I've never used a Faro Focus but I do own a Leica C10 ScanStation and I imagine that the process of merging point clouds is similar for all terrestrial laser scanners. You generally need to have three or more tie points between pairs of point clouds captured, with each point cloud derived from a single scan station. In the case of my system, there are specific targets that are used for the GCPs. You set these GCPs up within the scan field of a station, positioning them such that they will also be visible from the second station. In fact, if you are able to locate them such that they are visible from multiple scan stations, you will need to do far less work in the field. Importantly, you do not move the targets between the two (or more) scans, i.e. only the station moves. That means that you need to have at least three targets with you when you are surveying. After completing the scan, you then specifically zoom into each of the 3+ targets and perform a small and intensive scan of the target. These are usually saved on the system as a separate tie point data set.
Then in post-processing with the software distributed with the system (Cyclone in the case of the C10), these data are used to combine your multiple point clouds. If you also have GPS coordinates of either the scan stations or the target locations, you can also georeference the point cloud. Importantly, this requires some planning ahead of time (bringing the appropriate targets to the field) and during the scan (positioning the targets in highly visible sites within). In my experience, this aspect of positioning good target locations and scanning them from each station is the most time consuming part of creating a multi-scan data set. With my system, just locating the targets in the onboard camera/screen on a bright day can take a substantial amount of time.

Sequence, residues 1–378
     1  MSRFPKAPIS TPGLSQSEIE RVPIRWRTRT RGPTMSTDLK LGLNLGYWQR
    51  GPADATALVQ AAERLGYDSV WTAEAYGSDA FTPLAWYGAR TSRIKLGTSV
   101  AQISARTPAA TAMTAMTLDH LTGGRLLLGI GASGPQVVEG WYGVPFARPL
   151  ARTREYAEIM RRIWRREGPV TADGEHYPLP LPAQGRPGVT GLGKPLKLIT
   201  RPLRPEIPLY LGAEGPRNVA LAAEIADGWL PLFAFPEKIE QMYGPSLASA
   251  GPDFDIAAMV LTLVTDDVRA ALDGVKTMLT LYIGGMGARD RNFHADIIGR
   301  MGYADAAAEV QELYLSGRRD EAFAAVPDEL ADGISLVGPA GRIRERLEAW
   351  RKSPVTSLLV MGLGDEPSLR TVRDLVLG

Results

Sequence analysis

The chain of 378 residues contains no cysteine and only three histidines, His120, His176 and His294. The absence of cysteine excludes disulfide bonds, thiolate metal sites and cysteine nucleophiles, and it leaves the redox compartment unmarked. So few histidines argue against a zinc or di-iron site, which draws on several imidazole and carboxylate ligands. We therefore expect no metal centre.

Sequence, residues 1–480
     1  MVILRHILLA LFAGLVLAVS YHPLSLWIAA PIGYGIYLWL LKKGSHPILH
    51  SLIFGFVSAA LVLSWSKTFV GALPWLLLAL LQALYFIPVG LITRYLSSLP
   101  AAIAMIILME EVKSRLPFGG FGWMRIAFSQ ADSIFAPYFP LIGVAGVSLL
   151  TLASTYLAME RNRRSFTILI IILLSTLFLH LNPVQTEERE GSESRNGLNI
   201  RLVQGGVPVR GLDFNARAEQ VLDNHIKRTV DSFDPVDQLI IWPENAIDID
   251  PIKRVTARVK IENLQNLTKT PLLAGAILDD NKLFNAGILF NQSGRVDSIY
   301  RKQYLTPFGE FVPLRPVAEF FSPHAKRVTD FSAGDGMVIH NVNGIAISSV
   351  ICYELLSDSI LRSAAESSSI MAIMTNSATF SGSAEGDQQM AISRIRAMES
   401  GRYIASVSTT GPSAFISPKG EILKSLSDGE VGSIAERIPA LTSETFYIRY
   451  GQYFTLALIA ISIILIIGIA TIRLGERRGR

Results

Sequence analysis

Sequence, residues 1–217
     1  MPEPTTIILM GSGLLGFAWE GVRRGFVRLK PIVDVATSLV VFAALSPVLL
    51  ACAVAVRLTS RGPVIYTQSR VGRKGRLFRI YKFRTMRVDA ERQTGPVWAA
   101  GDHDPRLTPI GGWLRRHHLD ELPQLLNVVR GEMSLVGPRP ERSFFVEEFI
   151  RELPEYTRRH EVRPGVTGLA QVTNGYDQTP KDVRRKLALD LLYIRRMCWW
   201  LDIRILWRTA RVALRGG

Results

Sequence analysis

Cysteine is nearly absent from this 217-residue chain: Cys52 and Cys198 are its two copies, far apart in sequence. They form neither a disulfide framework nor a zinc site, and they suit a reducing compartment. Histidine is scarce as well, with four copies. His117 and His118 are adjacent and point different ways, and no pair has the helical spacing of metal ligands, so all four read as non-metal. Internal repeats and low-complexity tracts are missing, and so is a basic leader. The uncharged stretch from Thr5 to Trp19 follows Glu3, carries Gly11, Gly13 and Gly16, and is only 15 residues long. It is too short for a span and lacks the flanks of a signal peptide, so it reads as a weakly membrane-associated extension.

If you do not have targets within your point clouds, some software will let you pick common tie points based on features mapped within overlapping clouds. This is not the most accurate way to carry out this type of survey and is dependent upon the presence of recognizable objects/features within pairs of point clouds. This is generally more achievable in urban settings (e.g. using building corners, tops of lamp posts, etc.) than forested sites. The accuracy of the merging will depend on how well positioned these tie points are, how many there are, and how they are distributed throughout the data set. When people talk about the accuracy and precision of terrestrial LiDAR systems, they are usually quoting the system specifications, which are normally stated for single scans. People often overlook the fact that the process of merging multiple point clouds introduces a different and significant source of error in the final data product.